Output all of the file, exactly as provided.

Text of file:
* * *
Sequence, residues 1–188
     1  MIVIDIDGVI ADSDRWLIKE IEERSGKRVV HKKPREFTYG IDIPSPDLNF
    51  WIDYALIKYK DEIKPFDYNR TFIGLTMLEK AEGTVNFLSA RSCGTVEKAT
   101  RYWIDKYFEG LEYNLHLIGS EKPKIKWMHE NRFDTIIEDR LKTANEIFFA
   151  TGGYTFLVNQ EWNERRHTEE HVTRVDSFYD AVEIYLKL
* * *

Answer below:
Sequence, residues 1–188
     1  MIVIDIDGVI ADSDRWLIKE IEERSGKRVV HKKPREFTYG IDIPSPDLNF
    51  WIDYALIKYK DEIKPFDYNR TFIGLTMLEK AEGTVNFLSA RSCGTVEKAT
   101  RYWIDKYFEG LEYNLHLIGS EKPKIKWMHE NRFDTIIEDR LKTANEIFFA
   151  TGGYTFLVNQ EWNERRHTEE HVTRVDSFYD AVEIYLKL